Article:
What is the initial scene, and what does this indicate about Sylvia, her family, and the cow? Are their lives mutually interdependent?
What small gestures reveal Sylvia’s relationship with nature? (she doesn’t seem to mind as the moths brush gently against her)
What role does the narrator assume in this story? What are some instances in which she intervenes, and what point of view does she take? (from human point of view, empathetic)
What do we learn about Sylvia’s past and her grandmother’s attitude toward her? What is Sylvia’s attitude toward her new home? (likes beauty of forest, issue of leaving her family seems avoided)
What is revealed by her first response to the stranger? (shy; can hardly speak) By her later attitude?
What is revealed by the fact that the stranger assumes he can be given a meal and place to sleep? (no other options; the place is so remote that there are few residents and few visitors)
What is added by the use of dialect? Who uses it? (Mrs. Tilley, but not the stranger) What do we learn about Mrs. Tilley’s family past? (son had loved animals; father and he had quarreled) Does she take sides?
Why do you think this conversation is emphasized early in the story?
What are the respective ages of Sylvia and the “young man”?
What are his intentions toward the animals he hunts? Why is he called an “ornithologist”? Would taxidermy have been a relatively conventional amateur pursuit in his time?
What causes the stranger’s interest in Sylvia? (surmises that she knows habits of local birds) What pursuit do they share?
What does he promise for knowledge of the white heron, and what is indicated by her response? (she has virtually no money)
How does Sylvia respond to his shooting of birds? (“she could not understand why he killed the very birds he seemed to like so much”) Why does she not articulate her doubts?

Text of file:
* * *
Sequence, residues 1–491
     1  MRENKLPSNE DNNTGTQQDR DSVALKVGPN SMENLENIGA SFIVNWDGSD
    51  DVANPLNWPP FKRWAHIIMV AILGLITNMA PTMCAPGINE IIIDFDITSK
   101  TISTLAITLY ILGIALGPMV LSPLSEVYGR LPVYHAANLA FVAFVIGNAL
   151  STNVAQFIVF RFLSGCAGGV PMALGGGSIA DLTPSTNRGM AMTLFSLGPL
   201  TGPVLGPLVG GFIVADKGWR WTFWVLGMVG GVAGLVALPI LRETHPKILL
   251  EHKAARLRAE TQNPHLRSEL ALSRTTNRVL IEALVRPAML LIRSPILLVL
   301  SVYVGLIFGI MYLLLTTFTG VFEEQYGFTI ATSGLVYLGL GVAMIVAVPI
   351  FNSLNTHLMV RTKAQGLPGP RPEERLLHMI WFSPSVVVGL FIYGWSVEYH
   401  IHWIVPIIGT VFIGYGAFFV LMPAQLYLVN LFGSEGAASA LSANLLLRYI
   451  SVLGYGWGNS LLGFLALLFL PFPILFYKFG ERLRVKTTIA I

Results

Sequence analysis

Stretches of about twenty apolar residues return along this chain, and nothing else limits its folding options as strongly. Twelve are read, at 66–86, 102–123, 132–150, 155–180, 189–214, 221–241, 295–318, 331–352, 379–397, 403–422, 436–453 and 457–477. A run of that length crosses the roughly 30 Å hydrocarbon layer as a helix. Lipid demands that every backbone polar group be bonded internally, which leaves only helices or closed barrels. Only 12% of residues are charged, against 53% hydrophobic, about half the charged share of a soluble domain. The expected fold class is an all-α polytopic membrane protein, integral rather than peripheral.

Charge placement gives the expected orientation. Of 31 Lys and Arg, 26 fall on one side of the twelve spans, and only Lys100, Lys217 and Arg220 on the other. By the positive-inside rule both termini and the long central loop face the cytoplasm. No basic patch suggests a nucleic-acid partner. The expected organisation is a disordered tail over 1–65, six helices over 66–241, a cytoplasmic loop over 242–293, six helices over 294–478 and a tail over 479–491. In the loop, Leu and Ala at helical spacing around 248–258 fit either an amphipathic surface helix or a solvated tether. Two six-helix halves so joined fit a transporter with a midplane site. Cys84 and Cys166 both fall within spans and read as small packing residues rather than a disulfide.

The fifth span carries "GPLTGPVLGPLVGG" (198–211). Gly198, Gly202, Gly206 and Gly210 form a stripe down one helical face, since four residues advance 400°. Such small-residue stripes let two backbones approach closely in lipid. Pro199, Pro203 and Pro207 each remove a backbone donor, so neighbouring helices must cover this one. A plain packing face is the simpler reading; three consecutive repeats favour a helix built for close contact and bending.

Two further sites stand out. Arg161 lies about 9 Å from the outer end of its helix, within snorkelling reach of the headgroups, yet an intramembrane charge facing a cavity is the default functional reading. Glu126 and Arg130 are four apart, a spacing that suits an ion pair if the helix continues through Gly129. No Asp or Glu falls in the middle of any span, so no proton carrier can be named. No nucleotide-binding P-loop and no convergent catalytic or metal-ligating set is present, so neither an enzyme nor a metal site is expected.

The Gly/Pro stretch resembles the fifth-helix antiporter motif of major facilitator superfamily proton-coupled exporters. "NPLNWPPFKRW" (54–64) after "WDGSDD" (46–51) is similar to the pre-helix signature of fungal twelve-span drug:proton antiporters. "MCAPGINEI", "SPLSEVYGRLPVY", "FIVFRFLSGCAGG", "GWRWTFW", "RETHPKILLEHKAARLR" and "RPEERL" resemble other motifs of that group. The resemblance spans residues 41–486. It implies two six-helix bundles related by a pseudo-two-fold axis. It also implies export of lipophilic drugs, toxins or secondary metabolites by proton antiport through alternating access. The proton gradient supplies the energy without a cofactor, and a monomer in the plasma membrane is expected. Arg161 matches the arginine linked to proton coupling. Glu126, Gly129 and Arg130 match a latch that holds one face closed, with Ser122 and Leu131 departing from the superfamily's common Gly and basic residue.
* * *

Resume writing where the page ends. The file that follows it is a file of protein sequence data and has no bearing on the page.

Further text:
What romantic possibilities does the narrator see in this situation? Does this seem to infer assumptions about appropriate gender differences in age? (she’s only 9)
What is Sylvia’s first response to the offer of $10 and approbation for knowledge of the heron’s nest? What experience causes her to change her mind?
Is it important that the heroine is unable to speak? How does she express her emotions?
What is unusual about her tree climbing adventure? Why has she never climbed to this height before?
What caution does the narrator give, and from what point of view? (indicates main tension of story, “Alas, if the great wave of human interest which flooded for the first time this dull little life should sweep away the satisfactions of an existence heart to heart with nature and the dumb life of the forest!”)
What emotions does the narrator ascribe to the tree? (“The old pine must have loved his new dependent.”) Does she intrude directly into the narrative?
What vision does Sylvia see from the height of the tree? How is the heron described? With what intention does Sylvia descend the tree?
What are the guest’s intentions toward Sylvia? (“now she must really be made to tell”)
What causes her to change her mind? (had bonded with bird: “they watched the sea and the morning together”) How does the narrator interpret her moment of choice? Is it effective that she speaks for Sylvia?
Are there consequences to her loyalty to nature? What final question does the narrator ask, and is there an implied answer?
Is there ambiguity to the ending? Are there any implications to the contrasts implied in the ending?
Is Jewitt a good stylist? In what way?